What does this have to do with what I said? I’m not denying that some people believe stupid things I’m saying that the fact that people believe them shouldn’t make us think there’s no way to distinguish between stupid and non-stupid or that the difference between evil and non-evil is a matter of propaganda. If some people believe to a moral certainty that cats are incarnated gods that doesn’t mean that all we can say about the matter is “history will decide”. We’re still stuck looking at the evidence and drawing our own conclusion.

          • I’m agreeing with you and pointing out people will often believe charismatic politicians are right and the people to support, even when the evidence that they are lying through their teeth about their core beliefs is readily available and in their own words.

            All you have to do is smile, hold a baby or two, talk fast and loud and claim your opponents are the tools of the establishment,

            Promising to make the trains run on time never hurts either.

        • AveryAves

          And yet the cities that were run over, the victims of the crusades and the slaves all knew they were villains.
          Time doesn’t tend to change this, really. Infact I would say it adds more confusion between hero and villain
          Of course it’s true that people can often think they’re on the right side of history even if they are, simply put, absolutely evil, the “right side of history” isn’t a continually more progressive state. Because of this people that were heroes can be vilified in the eyes of history if the people they were fighting against won and seized power for the next however long.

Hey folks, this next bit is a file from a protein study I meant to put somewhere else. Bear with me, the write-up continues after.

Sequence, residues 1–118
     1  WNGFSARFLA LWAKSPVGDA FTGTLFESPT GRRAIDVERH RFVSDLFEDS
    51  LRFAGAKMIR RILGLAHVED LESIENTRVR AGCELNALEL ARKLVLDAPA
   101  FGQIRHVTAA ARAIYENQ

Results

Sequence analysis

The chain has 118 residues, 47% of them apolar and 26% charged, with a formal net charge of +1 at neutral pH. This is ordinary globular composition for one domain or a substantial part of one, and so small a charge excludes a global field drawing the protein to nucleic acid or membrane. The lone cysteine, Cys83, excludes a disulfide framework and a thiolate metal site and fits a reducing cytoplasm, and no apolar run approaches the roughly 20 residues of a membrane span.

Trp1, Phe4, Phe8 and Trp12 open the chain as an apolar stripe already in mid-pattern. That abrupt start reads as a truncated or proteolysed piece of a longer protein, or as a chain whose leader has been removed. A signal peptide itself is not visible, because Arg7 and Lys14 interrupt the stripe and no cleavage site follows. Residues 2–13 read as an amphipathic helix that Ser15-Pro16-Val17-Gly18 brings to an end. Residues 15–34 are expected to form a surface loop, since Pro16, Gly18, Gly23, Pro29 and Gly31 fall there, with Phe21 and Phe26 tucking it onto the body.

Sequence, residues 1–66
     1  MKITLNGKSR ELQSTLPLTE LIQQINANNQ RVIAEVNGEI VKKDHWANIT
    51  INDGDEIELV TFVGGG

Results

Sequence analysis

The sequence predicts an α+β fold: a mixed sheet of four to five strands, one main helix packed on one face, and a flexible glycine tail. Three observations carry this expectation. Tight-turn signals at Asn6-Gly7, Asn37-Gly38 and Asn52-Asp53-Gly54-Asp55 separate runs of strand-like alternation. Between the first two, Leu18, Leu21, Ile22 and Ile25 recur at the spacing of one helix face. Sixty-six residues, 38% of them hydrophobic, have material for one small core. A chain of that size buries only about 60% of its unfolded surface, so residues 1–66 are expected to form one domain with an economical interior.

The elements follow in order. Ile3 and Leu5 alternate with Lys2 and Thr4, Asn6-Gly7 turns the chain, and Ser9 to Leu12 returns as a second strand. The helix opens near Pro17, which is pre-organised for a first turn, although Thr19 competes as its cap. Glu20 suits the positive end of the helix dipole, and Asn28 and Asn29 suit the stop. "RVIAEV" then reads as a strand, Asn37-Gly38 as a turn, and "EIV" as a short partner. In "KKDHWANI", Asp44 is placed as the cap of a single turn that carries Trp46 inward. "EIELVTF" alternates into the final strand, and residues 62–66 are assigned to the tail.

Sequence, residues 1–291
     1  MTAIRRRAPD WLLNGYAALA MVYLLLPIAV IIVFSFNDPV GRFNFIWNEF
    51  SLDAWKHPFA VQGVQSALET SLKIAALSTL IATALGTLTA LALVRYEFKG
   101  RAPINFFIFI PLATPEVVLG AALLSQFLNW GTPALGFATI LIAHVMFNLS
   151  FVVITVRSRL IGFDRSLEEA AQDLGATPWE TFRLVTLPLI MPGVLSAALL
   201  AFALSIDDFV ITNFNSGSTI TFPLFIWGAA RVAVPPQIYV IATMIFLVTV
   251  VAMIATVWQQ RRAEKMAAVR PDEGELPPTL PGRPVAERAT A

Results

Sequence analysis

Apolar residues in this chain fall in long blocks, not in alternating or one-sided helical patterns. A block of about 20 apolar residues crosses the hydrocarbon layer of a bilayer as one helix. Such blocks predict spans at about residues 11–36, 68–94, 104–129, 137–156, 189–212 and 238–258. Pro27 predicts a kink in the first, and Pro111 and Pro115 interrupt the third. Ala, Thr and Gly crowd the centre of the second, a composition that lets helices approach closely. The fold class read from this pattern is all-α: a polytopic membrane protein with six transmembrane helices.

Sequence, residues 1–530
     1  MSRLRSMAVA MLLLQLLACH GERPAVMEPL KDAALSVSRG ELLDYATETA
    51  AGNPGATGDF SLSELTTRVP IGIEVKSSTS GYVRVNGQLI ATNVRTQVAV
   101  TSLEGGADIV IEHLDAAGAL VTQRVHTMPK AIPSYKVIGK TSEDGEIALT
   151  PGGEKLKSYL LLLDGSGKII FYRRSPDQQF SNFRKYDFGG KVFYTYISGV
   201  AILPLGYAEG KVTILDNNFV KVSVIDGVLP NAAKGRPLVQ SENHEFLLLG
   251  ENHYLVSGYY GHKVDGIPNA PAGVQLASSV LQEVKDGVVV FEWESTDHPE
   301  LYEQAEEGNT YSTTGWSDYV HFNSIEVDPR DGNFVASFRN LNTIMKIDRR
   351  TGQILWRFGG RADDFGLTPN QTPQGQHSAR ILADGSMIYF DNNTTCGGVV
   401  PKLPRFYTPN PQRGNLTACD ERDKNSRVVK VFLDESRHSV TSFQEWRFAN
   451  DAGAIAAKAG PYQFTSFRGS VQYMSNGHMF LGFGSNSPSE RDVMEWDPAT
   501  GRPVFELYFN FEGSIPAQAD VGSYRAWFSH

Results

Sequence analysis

In short I don’t like the idea that our view on what is “right” and “wrong” in a historical event is superior just because we can look back on it, as there are always people in the time who knew it was wrong and fought against it. Society doesn’t always progress, a dark age or 1984 can happen and that will vilify heroes and glorify villains and then the villains will be on “The right side of history”

  • Loranna

    And now, he’s pontificating the sky blue!

    When it’s -already blue!-

    Only Gurwara can make something even more of itself than it already is – though I think he sees, in Alison, a worthy successor for his multiplicitious ways (and yes, multiplicitious is a word now; take that, English language!)

    . . .You know, watching the process Alison’s going through is so, so much more fun when I’m on the outside looking in, and not the one whose old ideals are getting buffeted about like a boxer’s speedbag. Ah well ^_^


    • Weatherheight

      “You know, watching the process Alison’s going through is so, so much more fun when I’m on the outside looking in, and not the one whose old ideals are getting buffeted about like a boxer’s speedbag.”

      A buddy of mine from high school used to say “It’s all fun and games until you’re the punching bag.”. This seems to be nostalgia week…

  • James Crofton

    Is this guy nuts? Probably. He is very clever, but also very crazy.

    • GreatWyrmGold

      Aren’t we all?

      • Giacomo Bandini

        Maybe very crazy, but not very clever.

    • Weatherheight

      If you feel this is crazy, I invite you to visit your state-run mental ward. There you will find truly heartbreaking craziness, on both sides of the doors.

      This is at worst eccentric, at best getting his jollies from having a willing audience at which to philosophize.

  • Charles Moore

    In my headcanon, Gurara is voiced by the same guy that voiced Father Grigori in the Ravenholm chapter of half Life. Here’s a sample: https://www.youtube.com/watch?v=PBrfXgdeWgM

  • GreatWyrmGold

    What is the difference between a tyrant and a hero, between a terrorist and a revolutionary, a madman and a genius?